As an adult with autism you have the ability to apply for a disability tax credit (DTC), which is a non-refundable tax credit that will provide an individual a reduction in the amount of income tax they are required to pay. The disability tax credit allows for individuals with prolonged disabilities to have some relief when evaluating their required costs to help support their disability.

As of 2019, the maximum disability amount that you can receive as an adult that has qualified for the disability tax credit is $8,235. The annual amount that individuals can receive has increased each year by approximately $100. If you are eligible for DTC and have been eligible for previous years but have not claimed the disability amount on previous tax returns, you may be able to request adjustments for up to 10 years under the CRA’s Taxpayer Relief Provision.  If the adjustment is approved you could receive a back payment based on the adjustment. 

To be eligible for the disability tax credit you will need to have a critical mental or physical impairment that impacts your daily living and basic functioning, or required you to take part in life saving therapies. The impairment is classified as critical if it has lasted you 12 months or is expected to do so.

How to apply?

To apply for disability tax credit you will need to file a T2201 form, which you can access by printing one off from the internet. Once you have obtained the T2201 form you can begin the process of filing out the required sections. You are only required to fill out the first page on the form. Part A of the form is for the taxpayer to fill out, this could include the individual with the disability, and if they’re unable to then it can be a caregiver or guardian. Part B of the form must be filled out by a medical practitioner, below is the list of which medical practitioners have authority to complete this section if you have ASD

  • Medical doctor of all impairments 
  • Psychologist

You can view this form in:

Part A:

Section 1 consists of general information about the individual with the disability. This information includes; name, birth date, social insurance number, address, and postal code.

Section 2 only needs to be filled out if the person filling out the form isn’t the one who has the disability. If there is a spouse or guardian filling out the form they will be required to complete this section which consists of the living arrangements of the disabled individual.

Section 3 is very important when it comes to how much money you will receive from DTC. This section consists of one question asking if you would want to adjust your income tax and benefit return. It is highly advised that you answer yes to this question if this is the first time you have applied as this allows CRA to review and make adjustments to previous years.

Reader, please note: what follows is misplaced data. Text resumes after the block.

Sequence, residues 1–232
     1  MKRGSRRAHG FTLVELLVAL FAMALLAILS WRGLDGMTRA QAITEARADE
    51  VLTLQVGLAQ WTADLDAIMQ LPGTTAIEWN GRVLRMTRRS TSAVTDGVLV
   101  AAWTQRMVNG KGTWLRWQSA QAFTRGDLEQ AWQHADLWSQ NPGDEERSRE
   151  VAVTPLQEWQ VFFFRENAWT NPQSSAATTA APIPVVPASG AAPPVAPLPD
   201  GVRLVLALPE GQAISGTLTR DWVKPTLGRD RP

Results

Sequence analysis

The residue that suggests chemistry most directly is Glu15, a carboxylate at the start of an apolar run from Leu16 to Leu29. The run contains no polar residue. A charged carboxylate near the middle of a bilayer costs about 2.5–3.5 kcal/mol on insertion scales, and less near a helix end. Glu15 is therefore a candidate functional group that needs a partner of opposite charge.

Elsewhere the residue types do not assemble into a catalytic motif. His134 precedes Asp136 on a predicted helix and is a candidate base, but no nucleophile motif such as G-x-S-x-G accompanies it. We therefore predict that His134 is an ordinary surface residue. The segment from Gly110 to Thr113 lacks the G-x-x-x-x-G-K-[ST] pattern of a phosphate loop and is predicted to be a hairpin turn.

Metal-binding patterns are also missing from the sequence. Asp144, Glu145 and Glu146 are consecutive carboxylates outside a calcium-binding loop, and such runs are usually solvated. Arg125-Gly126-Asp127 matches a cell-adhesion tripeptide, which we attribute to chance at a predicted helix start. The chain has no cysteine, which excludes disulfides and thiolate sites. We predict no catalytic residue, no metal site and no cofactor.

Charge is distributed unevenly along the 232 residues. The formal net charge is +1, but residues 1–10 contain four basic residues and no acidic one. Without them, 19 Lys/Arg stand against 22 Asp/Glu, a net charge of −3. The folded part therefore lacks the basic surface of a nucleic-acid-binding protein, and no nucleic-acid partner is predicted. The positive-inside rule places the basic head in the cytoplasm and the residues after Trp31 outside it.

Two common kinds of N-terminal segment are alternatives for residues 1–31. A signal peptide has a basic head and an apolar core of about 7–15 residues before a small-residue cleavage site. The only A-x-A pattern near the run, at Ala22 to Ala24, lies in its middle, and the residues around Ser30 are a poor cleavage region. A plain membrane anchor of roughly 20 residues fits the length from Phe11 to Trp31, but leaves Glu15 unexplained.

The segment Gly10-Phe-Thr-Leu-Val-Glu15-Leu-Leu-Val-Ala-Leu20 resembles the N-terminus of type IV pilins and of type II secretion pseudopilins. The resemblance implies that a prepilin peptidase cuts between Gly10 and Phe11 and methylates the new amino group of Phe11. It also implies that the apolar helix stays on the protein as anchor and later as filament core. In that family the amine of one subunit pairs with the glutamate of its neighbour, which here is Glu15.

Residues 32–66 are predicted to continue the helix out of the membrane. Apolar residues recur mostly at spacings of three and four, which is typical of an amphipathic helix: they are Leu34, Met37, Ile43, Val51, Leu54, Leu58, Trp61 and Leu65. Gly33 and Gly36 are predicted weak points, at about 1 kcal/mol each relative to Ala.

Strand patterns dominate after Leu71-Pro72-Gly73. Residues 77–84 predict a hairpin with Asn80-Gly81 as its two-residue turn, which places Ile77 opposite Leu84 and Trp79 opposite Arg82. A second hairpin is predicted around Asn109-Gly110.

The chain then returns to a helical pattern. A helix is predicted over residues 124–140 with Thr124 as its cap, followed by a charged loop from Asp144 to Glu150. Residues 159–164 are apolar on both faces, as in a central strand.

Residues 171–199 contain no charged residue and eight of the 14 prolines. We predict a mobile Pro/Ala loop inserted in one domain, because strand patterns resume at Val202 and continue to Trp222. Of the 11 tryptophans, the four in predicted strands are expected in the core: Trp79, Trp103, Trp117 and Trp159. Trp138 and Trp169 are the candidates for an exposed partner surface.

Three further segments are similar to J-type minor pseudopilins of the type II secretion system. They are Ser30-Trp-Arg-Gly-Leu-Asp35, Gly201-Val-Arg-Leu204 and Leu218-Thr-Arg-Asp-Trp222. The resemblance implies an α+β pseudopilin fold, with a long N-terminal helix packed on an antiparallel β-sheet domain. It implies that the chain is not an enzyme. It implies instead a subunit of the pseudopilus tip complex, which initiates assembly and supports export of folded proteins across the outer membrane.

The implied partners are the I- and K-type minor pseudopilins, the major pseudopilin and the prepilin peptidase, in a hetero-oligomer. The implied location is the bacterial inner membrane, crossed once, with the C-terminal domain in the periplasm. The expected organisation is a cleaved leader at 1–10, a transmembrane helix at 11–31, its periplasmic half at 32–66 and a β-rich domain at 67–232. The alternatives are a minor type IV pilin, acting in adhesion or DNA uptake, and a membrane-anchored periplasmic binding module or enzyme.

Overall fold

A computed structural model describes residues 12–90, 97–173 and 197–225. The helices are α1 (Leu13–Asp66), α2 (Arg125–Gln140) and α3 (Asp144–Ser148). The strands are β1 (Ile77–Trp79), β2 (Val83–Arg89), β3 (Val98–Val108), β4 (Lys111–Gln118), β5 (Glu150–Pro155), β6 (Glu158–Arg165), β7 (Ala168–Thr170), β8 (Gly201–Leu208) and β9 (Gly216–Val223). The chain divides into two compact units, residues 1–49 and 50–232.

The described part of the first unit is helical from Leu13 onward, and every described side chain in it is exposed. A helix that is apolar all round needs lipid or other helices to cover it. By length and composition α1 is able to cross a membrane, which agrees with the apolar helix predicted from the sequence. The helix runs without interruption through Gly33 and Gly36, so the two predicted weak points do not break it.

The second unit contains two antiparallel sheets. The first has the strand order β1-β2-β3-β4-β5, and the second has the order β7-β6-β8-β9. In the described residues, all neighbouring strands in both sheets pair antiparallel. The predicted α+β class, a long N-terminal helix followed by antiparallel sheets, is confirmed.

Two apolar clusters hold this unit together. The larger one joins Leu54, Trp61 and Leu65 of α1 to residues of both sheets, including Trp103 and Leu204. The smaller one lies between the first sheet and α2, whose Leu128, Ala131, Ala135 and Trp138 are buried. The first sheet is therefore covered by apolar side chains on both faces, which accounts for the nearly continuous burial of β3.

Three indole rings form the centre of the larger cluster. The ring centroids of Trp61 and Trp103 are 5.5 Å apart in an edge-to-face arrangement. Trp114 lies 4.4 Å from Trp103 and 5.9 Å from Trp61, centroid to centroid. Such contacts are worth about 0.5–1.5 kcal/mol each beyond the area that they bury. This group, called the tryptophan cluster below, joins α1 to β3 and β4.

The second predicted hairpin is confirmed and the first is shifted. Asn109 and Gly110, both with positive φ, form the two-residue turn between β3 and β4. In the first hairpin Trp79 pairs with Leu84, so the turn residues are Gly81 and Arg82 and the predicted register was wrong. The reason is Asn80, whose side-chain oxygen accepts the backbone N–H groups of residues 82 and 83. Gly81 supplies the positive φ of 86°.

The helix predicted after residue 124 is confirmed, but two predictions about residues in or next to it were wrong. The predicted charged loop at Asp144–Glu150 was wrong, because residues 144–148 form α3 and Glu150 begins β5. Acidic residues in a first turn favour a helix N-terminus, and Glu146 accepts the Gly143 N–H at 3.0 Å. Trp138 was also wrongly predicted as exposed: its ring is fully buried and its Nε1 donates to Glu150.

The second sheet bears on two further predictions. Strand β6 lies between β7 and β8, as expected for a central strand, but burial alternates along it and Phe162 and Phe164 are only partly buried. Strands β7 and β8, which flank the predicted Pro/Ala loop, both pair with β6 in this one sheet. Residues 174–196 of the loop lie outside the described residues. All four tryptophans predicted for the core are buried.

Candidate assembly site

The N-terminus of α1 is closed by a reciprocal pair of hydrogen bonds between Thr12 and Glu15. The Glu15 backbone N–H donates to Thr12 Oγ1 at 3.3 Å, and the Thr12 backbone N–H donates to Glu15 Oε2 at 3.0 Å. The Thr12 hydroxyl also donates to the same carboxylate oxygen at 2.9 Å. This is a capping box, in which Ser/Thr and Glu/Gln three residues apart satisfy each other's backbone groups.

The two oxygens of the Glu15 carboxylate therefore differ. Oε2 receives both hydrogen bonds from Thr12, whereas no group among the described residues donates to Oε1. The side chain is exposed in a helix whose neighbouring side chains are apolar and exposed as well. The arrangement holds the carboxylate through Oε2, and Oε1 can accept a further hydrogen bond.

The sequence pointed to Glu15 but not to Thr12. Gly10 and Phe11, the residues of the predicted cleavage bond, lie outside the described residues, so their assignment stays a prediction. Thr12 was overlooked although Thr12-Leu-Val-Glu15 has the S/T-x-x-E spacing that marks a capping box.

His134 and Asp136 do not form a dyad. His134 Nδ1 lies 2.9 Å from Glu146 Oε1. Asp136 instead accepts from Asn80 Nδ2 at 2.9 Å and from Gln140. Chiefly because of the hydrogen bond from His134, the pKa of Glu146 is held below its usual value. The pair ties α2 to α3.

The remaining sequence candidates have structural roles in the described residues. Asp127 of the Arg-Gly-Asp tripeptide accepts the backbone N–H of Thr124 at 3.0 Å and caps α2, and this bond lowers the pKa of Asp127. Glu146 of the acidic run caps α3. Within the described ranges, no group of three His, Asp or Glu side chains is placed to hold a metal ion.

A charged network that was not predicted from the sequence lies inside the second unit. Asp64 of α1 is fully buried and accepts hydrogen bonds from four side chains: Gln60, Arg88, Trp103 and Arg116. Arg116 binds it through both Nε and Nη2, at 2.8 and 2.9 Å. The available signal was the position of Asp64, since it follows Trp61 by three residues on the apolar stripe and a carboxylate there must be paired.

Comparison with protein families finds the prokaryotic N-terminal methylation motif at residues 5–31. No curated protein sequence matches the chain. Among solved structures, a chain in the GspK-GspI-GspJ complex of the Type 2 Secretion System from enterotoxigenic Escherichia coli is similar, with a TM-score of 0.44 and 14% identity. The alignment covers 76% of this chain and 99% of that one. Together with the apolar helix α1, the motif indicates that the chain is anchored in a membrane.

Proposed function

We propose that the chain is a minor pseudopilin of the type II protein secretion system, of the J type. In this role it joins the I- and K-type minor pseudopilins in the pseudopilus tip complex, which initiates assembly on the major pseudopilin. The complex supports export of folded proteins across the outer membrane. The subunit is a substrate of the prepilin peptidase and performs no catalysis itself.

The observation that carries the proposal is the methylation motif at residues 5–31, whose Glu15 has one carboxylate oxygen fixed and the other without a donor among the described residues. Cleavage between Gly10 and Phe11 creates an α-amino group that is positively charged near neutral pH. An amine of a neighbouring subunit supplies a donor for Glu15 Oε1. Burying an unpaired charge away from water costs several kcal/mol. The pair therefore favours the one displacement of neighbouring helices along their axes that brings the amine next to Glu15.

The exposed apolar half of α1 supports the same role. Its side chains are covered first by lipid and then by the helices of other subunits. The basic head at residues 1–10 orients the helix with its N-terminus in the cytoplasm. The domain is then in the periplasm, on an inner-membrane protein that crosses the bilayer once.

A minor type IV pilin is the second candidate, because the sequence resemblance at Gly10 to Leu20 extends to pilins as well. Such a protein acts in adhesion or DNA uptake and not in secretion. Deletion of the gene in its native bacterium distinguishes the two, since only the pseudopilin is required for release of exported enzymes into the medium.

Section 4 is the final section that needs to be completed by the individual or their dependent. This section is simply providing your signature to approve CRA to have access to your medical records and the ability to adjust your income tax and benefit returns if applicable.

Part B:

For the completion of Part B you must give your form to any of the medical practitioners listed above to fill out.

Once the medical practitioner has filled out their required sections they will give the form back to you. At this point it is very important that you read over the form thoroughly and make sure nothing is missed. On the second last page of the T2201 form there is a very important section that will impact whether or not you will qualify for DTC. Under the heading Duration there are two questions provided. The first question asks if the patient’s impairment lasted or is expected to last for a period of 12 months. If the medical practitioner that completed this section checked no for this question then you will automatically be denied the DTC.  Once passed this question the second one will ask if the medical practitioner has seen or could see any drastic improvements in the patient’s condition. For this question the answer must be no, if the medical practitioner has checked yes, then you will be automatically denied the DTC.

After reviewing your T2201 form you can send it off to Sudbury Tax Center in Ontario. The center will review your application and be in contact via mail in 6-8 weeks with one of two letters. One being an acceptance of your application and the other being a letter stating your denial of your application with the reason why included.

For local support and additional information feel free to contact: Daniel Martens Martens Financial 13A Myrtle Street, Stratford PE C1B 1P4 Phone: 902-394-0502 Email: